Still a mystery
An FBI investigation of the the death of a US Border Patrol agent last year says there's no evidence of a "scuffle, altercation or attack" on Rogelio Martinez. Field agents conducted more than 600 interviews in New Mexico and Texas. The incident was used by President Trump as evidence that the US needed a border wall. The Border Patrol union said it was an ambush. Dispatchers that night reported that Martinez's partner thought they ran into a culvert. Forensic analysis on a pair of suspects from Portales showed they weren't connected to Martinez' death.
Lottery bill held up
A measure at the Capitol to do away with a requirement that 30 percent of the state lottery's proceeds go toward scholarships ran aground ($) in a House committee yesterday. Supporters say it would spur marketing for new games and eventually lead to larger distributions to the college scholarship funds. Detractors say it strayed too far from the program's original intent of providing a path to college for many New Mexico students.
Late lawmaker PAC endorses SF city candidates
A political action committee funded by campaign contributions to late Santa Fe Rep. Lucky Varela endorsed Ron Trujillo ($) in a newspaper ad over the weekend. Jeff Varela said he doesn't expect to make additional expenditures from the newly formed PAC, but Lucky Varela's legislative fund from 2014 had nearly $46,000 on hand as of April 2017.
Journal takes heat for cartoon
An editorial cartoon equating MS-13 gang members with Dreamers and calling them future Democrats and printed on the editorial pages of the Albuquerque Journal has been condemned by both the state's US Senators and others for being racist and bigoted. Sen. Martin Heinrich called it "a new low" for the state's paper of record and Sen. Tom Udall called on the paper to apologize. Editor Karen Moses said last night, "Our editorial pages offer views from all sides of the spectrum, and we realize some of the content will offend readers. … In hindsight, instead of generating debate, this cartoon only inflamed emotions."
Familiar failure looms for early childhood education amendment
After narrowly passing the House, a proposal to take a bigger cut of the state's Land Grant Permanent Fund has to wind its way through Senate committees, including the place where it's usually died with or without a hearing. The Senate Finance Committee has long been populated with lawmakers who say the state is at the limit of what it can pull from the fund annually without endangering payouts for future generations.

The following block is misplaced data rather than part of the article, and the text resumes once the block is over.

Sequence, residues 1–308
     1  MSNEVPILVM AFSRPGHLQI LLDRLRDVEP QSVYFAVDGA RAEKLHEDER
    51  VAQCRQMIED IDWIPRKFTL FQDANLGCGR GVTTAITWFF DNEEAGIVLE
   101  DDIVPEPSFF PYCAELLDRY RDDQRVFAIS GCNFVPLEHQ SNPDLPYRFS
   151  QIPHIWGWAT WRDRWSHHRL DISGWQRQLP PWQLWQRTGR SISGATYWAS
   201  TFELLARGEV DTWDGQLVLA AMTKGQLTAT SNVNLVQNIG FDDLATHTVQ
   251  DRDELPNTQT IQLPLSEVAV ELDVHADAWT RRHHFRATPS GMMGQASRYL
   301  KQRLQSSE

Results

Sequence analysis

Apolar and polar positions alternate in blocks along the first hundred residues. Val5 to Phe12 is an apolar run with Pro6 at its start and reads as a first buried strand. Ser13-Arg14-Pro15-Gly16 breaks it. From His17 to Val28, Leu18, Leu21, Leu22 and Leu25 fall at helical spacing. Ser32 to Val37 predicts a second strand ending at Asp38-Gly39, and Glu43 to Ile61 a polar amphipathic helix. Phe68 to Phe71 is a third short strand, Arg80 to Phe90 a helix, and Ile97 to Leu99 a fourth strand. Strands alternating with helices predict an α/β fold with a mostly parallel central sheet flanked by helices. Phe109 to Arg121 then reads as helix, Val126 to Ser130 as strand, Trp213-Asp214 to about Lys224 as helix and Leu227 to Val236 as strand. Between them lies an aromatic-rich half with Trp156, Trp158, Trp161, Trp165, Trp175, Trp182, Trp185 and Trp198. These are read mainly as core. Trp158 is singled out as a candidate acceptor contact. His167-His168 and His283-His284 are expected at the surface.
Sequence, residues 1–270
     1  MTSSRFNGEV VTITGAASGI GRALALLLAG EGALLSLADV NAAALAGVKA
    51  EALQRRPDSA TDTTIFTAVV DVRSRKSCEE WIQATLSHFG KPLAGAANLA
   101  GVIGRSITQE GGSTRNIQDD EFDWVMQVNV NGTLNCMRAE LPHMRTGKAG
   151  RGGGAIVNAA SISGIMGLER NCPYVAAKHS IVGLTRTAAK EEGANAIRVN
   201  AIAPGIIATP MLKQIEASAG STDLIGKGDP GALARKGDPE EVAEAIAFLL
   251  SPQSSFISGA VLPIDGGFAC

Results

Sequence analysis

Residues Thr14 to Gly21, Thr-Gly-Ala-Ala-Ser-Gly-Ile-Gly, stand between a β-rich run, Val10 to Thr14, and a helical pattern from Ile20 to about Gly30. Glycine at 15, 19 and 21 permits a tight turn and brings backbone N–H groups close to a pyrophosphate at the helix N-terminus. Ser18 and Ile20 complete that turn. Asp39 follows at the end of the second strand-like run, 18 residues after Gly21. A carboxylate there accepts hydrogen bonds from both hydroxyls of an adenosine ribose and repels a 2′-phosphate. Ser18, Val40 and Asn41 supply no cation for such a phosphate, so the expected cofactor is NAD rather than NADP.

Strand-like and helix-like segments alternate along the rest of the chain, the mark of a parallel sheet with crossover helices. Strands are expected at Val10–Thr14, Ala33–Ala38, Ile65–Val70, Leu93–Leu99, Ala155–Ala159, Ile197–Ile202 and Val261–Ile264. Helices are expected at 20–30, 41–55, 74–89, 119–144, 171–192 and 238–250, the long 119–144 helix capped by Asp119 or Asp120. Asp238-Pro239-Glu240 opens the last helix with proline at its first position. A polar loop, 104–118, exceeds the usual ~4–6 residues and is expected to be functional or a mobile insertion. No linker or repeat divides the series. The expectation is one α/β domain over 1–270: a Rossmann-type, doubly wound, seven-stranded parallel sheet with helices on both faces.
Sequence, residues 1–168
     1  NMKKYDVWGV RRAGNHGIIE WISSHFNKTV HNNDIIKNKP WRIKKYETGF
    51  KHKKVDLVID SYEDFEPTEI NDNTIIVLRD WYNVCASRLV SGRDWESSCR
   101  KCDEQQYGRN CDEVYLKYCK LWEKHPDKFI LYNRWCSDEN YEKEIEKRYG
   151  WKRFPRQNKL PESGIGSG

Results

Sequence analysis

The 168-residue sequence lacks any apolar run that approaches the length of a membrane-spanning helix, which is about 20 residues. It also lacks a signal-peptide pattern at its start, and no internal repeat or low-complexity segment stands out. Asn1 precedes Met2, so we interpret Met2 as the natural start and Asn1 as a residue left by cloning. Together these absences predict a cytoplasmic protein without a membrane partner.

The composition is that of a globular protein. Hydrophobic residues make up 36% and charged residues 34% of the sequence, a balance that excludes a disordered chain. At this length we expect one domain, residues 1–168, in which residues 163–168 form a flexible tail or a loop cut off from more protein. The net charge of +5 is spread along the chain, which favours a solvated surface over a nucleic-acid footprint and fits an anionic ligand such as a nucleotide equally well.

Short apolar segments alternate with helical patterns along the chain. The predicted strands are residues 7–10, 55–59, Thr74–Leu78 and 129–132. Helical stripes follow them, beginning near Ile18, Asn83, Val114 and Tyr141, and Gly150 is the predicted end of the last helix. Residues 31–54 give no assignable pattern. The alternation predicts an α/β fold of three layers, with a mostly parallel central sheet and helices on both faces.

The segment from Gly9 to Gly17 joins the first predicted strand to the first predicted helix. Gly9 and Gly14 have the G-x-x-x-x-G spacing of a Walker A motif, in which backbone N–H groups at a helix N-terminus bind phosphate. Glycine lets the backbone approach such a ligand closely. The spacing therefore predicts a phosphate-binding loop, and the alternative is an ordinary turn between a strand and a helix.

Some lawmakers want to study whether the state should let police hide body camera video of people who have mental or physical health issues, claiming they're concerned about the privacy of those citizens. Others warn that could shield controversial contact with people such as Albuquerque's James Boyd or suspects or bystanders who are shot or otherwise subjected to force by police—the gunshot as a "physical health care" issue—and deeming police as health care providers is an end run around public oversight.
National Public Radio has a story that's a good read (or a good listen) about a court battle over grazing rights on public land. If that sounds a little like Cliven Bundy in Nevada, it is, with the notable exception that no one here has gone to guns over the issue. While ranchers no longer own much of the land their family cattle graze on, they claim the feds have unfairly fenced off creeks and cut the herd from water.
What have we here?
Thanks for reading! The Word needs to switch coffee beans. Currently pouring organic Black Lightning. Any tips? Thanks for the breakfast sammo recommendations, by the way!
CORRECTION: The Santa Fe bond issues approved by voters and mentioned yesterday won't raise your property taxes. The Word misread a primer on them.
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